Potty Training Regression: The Possible Reasons for a Regression in Toilet Training

Potty Training Regression Question and Answer - The following question was submitted via the parenting question form. My answer appears directly below the question.

My four year old son has a potty training problem with holding his bowel movements in. He holds them and waits so long that he winds up going on himself. He has been potty trained for about a year now and this just started happening in the last three or four months. I am worried that he might injure his bowels if he keeps this up. Any suggestions?

Below are four possibilities for why your child has experienced a potty training regression:

  • If your child has had a painful bowel movement (and we all know how painful and frightening it can be to pass impacted stool), he may be scared of having a similar experience. If you determine that this is what has caused his his potty training regression, talk to him about it. Explain that this experience can be prevented by eating certain foods (lots of leafy greens and fruit) and drinking lots of water which will help to soften stools. Make it clear that holding onto stool when he has to go the bathroom is unhealthy and can cause fecal material to be reabsorbed into his system.

  • Children often regress in their toilet training because something in their lives has changed. Think about the last three or four months and ask yourself if something happened to upset your son. Were there any significant or even minor changes in your life? The event could be as small as a change in schedule.

    Although many parents think a bowel movement is just a bowel movement, your son is holding onto what he should be letting go. Is there anything from that earlier time when his potty training was in place that he may need to hold onto? Again, we're back to the question, "Has something in his life changed?"

  • Another event that could have caused a potty training regression is if your son has been shamed in any way. Going to the bathroom is a natural thing, but some families create shame around it, especially when a child messes his pants. If such an experience has occurred, rather than beating yourself up about it, work to help your child heal his feelings. (Let this be a reminder to all parents: when you use shame to "teach a lesson," you teach nothing but self-loathing.)

    This calls to mind an incident that happened about four years ago when a boy and his brother came for a play date at our house. The boys were playing in the bedroom while I was making them lunch. When I went to tell them their snack was ready, one of the boys could not be found. I called him and called him and looked all over the house. With a stab of fear, I thought of our new backyard pond. After much frantic searching, I found him—he was hiding between the toilet and the pony wall in my children's bathroom. I could not see him from the bathroom door and hadn't thought to look in that tiny space. He was hiding because he had messed his pants. Obviously, he had been shamed before and was terrified. It wasn't just embarrassment that kept him from answering my calls, it was a deep, abiding shame. Realizing this, I gave him a hug and told him that it was okay. I assured him that all of us have accidents. I told him that together, we would clean up the mess. Then I helped him out of his pants and into the bath. That boy and I shared a special bond that day. When I talked to his mother later, she told me that he had recently experienced a potty training regression and this was one of many incidents. Not knowing if she was the one who had shamed in the past, I explained how I treated her son to give her a model for future incidents.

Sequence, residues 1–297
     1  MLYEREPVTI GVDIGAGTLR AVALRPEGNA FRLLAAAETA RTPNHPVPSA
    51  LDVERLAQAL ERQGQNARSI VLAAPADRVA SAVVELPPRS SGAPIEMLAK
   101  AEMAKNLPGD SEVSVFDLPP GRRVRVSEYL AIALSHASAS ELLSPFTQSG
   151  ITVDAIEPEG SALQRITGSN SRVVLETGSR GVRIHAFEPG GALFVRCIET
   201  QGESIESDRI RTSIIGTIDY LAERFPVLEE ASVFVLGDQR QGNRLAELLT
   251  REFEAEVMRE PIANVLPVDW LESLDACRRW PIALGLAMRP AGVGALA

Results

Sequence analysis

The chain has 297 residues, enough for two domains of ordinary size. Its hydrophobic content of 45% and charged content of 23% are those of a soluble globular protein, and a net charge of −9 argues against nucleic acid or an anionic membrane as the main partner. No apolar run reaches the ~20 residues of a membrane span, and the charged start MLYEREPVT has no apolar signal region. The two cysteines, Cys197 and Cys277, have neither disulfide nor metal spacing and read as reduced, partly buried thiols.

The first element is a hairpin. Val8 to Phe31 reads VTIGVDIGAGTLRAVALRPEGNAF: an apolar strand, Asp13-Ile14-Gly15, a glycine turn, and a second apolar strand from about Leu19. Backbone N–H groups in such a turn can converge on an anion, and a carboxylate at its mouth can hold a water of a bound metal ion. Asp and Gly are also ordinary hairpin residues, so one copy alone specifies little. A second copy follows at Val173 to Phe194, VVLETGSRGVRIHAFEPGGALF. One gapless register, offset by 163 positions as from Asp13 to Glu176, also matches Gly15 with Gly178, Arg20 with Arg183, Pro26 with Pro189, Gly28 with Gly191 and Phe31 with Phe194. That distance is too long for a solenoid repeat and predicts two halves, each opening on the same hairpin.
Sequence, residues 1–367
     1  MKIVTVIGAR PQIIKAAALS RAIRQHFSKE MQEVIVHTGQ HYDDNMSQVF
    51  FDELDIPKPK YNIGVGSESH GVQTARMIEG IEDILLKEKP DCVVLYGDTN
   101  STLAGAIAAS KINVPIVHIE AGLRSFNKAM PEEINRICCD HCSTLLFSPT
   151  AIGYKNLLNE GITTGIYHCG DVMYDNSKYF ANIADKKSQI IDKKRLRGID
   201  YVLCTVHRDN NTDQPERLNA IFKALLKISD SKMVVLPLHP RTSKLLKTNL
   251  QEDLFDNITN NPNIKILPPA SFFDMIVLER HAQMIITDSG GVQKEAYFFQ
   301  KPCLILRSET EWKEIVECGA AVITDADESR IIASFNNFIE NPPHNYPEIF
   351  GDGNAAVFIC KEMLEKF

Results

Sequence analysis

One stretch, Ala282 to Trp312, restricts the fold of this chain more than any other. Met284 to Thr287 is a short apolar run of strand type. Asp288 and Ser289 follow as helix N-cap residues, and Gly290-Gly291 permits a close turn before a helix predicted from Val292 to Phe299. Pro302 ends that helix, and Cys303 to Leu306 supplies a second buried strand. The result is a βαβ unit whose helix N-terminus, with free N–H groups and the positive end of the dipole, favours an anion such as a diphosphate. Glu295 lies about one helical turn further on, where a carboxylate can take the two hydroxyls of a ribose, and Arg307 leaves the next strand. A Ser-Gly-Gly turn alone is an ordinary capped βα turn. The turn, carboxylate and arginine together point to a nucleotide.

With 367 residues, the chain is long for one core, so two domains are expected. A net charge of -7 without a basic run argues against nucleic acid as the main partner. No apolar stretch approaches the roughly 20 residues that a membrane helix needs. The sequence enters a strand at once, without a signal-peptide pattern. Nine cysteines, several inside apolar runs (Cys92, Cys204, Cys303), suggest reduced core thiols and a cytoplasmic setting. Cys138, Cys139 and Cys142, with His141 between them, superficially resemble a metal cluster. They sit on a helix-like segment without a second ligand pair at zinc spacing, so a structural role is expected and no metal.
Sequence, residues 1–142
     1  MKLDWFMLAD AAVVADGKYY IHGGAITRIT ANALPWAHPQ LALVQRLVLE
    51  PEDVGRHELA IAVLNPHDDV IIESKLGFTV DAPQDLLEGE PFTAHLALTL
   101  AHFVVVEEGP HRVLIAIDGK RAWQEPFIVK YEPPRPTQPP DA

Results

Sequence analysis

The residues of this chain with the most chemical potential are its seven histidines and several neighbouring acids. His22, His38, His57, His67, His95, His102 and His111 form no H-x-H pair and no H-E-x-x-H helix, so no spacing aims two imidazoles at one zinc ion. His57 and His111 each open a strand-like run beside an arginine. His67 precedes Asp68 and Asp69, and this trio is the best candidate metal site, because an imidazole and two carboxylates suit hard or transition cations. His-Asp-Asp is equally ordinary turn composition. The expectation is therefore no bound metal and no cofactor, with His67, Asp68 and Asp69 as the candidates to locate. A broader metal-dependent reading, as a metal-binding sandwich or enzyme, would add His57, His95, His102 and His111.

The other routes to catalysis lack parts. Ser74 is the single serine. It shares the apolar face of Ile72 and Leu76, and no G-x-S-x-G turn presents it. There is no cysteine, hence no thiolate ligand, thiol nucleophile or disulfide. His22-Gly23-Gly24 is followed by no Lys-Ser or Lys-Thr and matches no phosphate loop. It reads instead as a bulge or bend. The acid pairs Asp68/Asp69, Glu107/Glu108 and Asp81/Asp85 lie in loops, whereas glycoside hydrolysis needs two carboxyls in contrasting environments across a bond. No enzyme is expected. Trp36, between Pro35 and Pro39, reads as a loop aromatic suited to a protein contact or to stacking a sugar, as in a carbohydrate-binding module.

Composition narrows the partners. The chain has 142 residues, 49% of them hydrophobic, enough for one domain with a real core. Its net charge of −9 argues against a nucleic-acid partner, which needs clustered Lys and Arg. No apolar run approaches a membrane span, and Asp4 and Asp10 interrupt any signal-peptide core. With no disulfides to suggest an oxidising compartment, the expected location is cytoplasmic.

• Another tip when your child has experienced a potty training regression is to just ask him what happened. Ask gently why he didn't go to the toilet when he felt the need. When a child holds onto stool, it can become impacted which makes it harder to go and can rupture the tender tissues in that area.

  • When a child experiences a potty training regression, return to the fundamentals. Ask your child to tell you when he feels the need to go the toilet and sit with him in the bathroom until he does. Make this a relaxing time by reading a book, singing a song or talking, so he can take the time he needs to let go naturally. If he finds he just has gas, then get up and start anew when he feels the need again. By creating a positive experience around his potty training, you'll overcome negative experiences from the past.

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    About the author:
    Laura Ramirez is the author of Keepers of the Children: Keepers of the Children: Native American Wisdom and Parenting . This award-winning book is the only book that combines ancient native ideas (such as child stewardship) with heart-centered psychology to teach parents how to raise children to develop their strengths and unfold their spiritual nature. This book turns parenting into a journey of self-discovery for child and parent.

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